So last week I had the opportunity to tour the UBC Animal Care Centre.Now, before you get excited warm fuzzies about baby raccoons in cribs or whatever comes to mind, I should note that “Animal Care” is really more of a euphemism. Located at the Centre for Comparative Medicine, tucked away in the South of campus, the facility is where the majority of animal testing takes place on campus.
The centre was built in 2012 for $40 M and specializes in larger species. There are about 75 animals currently in the facility not including 50 or so small rodents (i.e. mice, rats). The facility is also an emergency alternative to the general hospital during a disaster since the surgical equipment can also be used for humans.
During my visit I saw: white rabbits (for genetics research if I remember…?), pigs (for trauma simulations to do with helicoptor crashes- i.e. they would put the pigs in a simulator and break their backs), rhesus macaque monkeys (for parkinsons research), sheep, an alpaca (not for testing- leftover from when the facility wasn’t enclosed and the sheep needed protection), some crazy birds from the himalayas (researching their flight abilities in low oxygen environments), wild caught pregnant squirrels (researching how the fetus survives with little oxygen.)
Thats obviously a very crude depiction and of course my memory is incomplete but that’s what I recall.
UBC is currently the first university in Canada to release statistics about their use of animals. Transparency is not required for university institutions but information was released last year largely due to ongoing pressure from groups such as Stop UBC Animal Research. In 2011 UBC used 225,043 animals in research and claim the number is decreasing. For more info: http://www.animalresearch.ubc.ca/about-landing.html
Animal welfare was something discussed a lot during the tour and it is clear that efforts were taken when designing the facility to go above basic requirements. For example, all animals except for small rodents have outdoor access. Animals are always housed in groups rather than singley. SOME enrichment is provided, i.e. substrate such as hay or wood chips rather than bare concrete floor, maybe a ball or two. The monkeys had a climbing tree.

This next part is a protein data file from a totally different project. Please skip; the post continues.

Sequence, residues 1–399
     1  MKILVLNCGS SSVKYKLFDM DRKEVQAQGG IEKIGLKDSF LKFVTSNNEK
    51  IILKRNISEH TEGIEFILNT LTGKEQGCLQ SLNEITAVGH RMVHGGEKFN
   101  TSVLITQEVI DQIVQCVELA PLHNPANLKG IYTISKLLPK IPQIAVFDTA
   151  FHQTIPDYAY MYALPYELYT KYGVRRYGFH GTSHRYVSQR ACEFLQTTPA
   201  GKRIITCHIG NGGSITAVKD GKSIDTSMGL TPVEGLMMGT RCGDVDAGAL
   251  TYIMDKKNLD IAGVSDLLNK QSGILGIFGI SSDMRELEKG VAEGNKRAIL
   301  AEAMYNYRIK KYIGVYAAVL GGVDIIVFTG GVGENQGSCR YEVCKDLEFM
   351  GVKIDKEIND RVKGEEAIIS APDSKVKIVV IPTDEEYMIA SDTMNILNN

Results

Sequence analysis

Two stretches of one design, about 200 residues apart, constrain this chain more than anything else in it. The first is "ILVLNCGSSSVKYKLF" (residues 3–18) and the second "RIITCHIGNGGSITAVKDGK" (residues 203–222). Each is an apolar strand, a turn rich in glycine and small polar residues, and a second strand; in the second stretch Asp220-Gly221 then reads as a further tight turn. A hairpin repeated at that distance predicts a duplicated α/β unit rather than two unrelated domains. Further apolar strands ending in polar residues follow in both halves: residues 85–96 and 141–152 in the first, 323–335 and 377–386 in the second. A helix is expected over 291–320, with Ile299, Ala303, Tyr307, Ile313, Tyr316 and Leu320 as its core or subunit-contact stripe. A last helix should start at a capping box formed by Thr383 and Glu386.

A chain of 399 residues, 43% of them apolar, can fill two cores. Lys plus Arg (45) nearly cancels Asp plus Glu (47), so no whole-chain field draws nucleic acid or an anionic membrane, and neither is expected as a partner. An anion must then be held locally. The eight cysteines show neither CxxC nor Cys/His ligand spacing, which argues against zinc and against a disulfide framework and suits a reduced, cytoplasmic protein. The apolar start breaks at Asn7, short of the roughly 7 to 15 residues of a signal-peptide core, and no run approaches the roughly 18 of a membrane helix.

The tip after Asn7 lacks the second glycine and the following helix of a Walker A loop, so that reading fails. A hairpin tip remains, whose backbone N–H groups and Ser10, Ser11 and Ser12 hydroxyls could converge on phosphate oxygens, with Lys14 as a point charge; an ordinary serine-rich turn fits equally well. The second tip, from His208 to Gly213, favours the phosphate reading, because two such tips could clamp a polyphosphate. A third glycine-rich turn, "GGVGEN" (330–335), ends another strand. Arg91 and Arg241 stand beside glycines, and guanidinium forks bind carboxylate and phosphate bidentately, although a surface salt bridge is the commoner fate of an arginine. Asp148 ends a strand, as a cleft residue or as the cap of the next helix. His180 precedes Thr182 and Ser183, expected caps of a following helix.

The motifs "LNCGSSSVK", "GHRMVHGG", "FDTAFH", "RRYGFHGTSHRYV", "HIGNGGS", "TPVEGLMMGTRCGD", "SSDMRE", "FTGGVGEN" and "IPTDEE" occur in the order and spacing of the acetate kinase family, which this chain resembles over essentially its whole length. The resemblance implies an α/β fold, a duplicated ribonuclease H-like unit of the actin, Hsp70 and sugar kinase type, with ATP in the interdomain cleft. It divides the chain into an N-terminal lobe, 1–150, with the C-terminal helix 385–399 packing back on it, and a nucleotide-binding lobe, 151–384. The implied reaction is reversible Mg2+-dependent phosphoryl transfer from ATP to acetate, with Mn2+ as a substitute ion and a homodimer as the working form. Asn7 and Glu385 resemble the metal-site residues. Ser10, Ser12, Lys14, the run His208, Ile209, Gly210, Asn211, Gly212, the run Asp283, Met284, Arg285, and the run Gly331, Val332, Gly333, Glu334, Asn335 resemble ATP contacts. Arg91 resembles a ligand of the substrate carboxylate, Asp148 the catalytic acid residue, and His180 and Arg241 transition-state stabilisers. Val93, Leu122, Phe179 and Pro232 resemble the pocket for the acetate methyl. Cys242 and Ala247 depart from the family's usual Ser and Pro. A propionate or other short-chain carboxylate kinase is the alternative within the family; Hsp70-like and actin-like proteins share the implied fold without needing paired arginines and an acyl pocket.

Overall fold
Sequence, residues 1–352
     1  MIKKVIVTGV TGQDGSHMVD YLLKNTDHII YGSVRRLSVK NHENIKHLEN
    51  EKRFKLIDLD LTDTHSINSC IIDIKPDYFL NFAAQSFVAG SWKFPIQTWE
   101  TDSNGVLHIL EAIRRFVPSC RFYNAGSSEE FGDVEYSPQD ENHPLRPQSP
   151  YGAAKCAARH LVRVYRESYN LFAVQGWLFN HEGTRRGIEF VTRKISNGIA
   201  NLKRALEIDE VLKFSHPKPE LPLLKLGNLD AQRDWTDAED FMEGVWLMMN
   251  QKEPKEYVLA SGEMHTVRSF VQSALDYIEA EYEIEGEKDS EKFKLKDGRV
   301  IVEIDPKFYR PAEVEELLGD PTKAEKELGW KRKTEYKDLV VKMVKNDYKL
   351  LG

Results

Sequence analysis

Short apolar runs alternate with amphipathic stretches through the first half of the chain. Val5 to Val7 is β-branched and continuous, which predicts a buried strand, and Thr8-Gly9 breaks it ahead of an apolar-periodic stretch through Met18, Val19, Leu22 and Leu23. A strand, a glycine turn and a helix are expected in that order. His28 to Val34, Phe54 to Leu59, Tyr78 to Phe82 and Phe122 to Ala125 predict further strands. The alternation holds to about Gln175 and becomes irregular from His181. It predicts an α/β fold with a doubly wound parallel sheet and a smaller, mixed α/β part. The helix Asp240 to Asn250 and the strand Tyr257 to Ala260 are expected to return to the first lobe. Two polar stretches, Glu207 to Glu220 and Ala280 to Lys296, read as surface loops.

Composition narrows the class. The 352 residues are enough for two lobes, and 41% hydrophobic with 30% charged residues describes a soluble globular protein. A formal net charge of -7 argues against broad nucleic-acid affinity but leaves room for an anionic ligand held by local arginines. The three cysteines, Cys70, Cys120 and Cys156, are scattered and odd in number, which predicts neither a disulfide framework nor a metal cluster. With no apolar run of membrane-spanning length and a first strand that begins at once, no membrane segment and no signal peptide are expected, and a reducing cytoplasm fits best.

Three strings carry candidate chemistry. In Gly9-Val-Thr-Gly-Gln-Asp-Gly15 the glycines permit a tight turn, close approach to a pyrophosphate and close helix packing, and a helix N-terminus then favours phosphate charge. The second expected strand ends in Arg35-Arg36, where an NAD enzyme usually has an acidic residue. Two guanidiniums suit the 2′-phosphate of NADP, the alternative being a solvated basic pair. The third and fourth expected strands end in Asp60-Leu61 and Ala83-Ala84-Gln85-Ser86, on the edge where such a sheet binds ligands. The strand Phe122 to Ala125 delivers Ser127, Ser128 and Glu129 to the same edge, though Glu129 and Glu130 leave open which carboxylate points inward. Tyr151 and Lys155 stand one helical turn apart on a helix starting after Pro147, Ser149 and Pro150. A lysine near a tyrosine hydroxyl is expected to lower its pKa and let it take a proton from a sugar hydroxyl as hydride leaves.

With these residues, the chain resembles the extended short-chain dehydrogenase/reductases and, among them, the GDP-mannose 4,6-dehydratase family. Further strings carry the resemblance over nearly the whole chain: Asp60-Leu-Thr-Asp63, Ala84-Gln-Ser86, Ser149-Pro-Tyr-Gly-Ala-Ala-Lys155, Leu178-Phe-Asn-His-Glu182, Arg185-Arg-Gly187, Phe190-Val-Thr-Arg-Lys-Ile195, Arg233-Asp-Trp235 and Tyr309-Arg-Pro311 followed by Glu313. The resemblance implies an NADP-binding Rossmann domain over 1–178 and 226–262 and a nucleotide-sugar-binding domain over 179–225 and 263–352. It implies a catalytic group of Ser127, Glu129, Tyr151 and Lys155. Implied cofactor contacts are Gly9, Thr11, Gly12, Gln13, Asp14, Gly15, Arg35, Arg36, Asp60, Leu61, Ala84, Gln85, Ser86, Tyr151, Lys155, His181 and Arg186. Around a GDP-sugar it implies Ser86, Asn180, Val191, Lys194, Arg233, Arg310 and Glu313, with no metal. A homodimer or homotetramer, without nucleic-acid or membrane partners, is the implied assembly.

There are full time veterinarians at the facility not involved in the research whose job it is to observe the welfare/health of the animals and ensure they do not go past their “humane end point.” The humane end point is a predetermined point at which the animal MUST be euthenized. I.e. if a parkinsons monkey can no longer feed and take care of itself etc. Humane end points are decided upon when the researcher is applying for approval to do the project.
Researchers wanting to conduct research on animals must submit an Animal Care Protocol to the UBC Animal Care Comittee which is made up of various researchers, vets, UBC staff, students and two members of the public (often affiliated in some way.) http://www.ors.ubc.ca/ors/animal-protocol
I’ll leave it at that for now and save my rant for the next post. 🙂